--"The Gasser Attacks" No credits. Pretty strong Batman knock-off, right down to the Batmobile-inspired Fox Car
Black Hood
--"Life's Not a Comic Book!" Plot by Gray Morrow, story and art by Neal Adams and Dick Giordano
The Shield
--"The Ultrasonic Spies" No credits, but clearly Joe Simon and Jack Kirby
Horror Story
--"The Beast in the Forest", story by Tom DeFalco, art by Jesse Santos
Chilling Adventures in Sorcery short story
--"A Real Hot Talent" No credits
The Fly
--"The Fly Meets The Cat Girl" No credits, could be Bob White on the art
Black Hood--"It's Murder to Beat the Odds", story by Marvin Channing, art by Al Williamson

What struck me as a 14-year-old buying this digest was the high caliber
of artists involved, even if the stories were a little lame. Anyway, it was worth the 95 cents for that much content.

Wow, you're not kidding, Neal--Gray Morrow, Neal Adams, Wally Wood, Dick Giordano, Al Williamson, and Simon and Kirby? I gotta get me this book!

Thanks Neal!

Tuesday, October 23, 2007

Mystery Comics Digest #6 - Aug. 1972

sgHmm, while this is a nicely painted cover, it doesn't really look like anything I'd associate with The Twilight Zone. But what the heck--Rod Serling was probably a little busy doing Night Gallery and smoking two cartons a day to oversee some silly comic book.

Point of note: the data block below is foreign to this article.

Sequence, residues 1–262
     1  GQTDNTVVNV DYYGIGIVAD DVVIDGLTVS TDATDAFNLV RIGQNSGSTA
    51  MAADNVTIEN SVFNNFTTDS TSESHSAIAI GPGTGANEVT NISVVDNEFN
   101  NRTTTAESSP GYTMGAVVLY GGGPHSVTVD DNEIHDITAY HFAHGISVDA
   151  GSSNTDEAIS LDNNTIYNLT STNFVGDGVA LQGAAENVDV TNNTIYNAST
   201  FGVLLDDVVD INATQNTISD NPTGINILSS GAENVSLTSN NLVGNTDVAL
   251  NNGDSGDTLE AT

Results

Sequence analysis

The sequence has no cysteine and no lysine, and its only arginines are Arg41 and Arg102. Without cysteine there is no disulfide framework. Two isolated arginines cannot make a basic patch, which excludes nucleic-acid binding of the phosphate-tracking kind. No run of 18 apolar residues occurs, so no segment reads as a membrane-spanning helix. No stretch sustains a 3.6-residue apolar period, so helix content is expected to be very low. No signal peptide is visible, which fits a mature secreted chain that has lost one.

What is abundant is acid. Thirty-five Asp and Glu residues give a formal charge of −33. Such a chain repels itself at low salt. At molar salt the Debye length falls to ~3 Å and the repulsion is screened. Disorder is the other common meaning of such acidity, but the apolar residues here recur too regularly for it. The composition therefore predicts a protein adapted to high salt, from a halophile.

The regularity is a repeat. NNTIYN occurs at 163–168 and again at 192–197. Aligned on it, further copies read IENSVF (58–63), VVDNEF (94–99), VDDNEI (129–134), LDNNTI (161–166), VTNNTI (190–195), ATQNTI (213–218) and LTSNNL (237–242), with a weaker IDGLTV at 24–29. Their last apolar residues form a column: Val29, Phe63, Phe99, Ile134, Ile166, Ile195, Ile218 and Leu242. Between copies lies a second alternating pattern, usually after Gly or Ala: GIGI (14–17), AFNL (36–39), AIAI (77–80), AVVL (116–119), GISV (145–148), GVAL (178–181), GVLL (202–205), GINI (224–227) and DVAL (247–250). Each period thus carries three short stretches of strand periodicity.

All these stories are uncredited, unfortunately(though a few have to have been drawn by Dan Spiegle):
"The Shield of Medusa", "Luck in the Twilight Zone", "The Legacy of Hans Burkel", "The Shadow of Fate", "Wings of Death", "No Place to Hyde", "Lost Acre", "Journey Into Jeopardy", "Voyage Into the Twilight Zone", "The Vial of Evil", "The Fortune Hunters", "Doomed to Battle", "Birds of a Feather", "Do Not Touch the Exhibit", "The Doom Days", "The Sinister Satano", "Night Train to Eternity"(oh man, have I been there!), "The Ray of Phobos", and "The Street Where Evil Dwealt."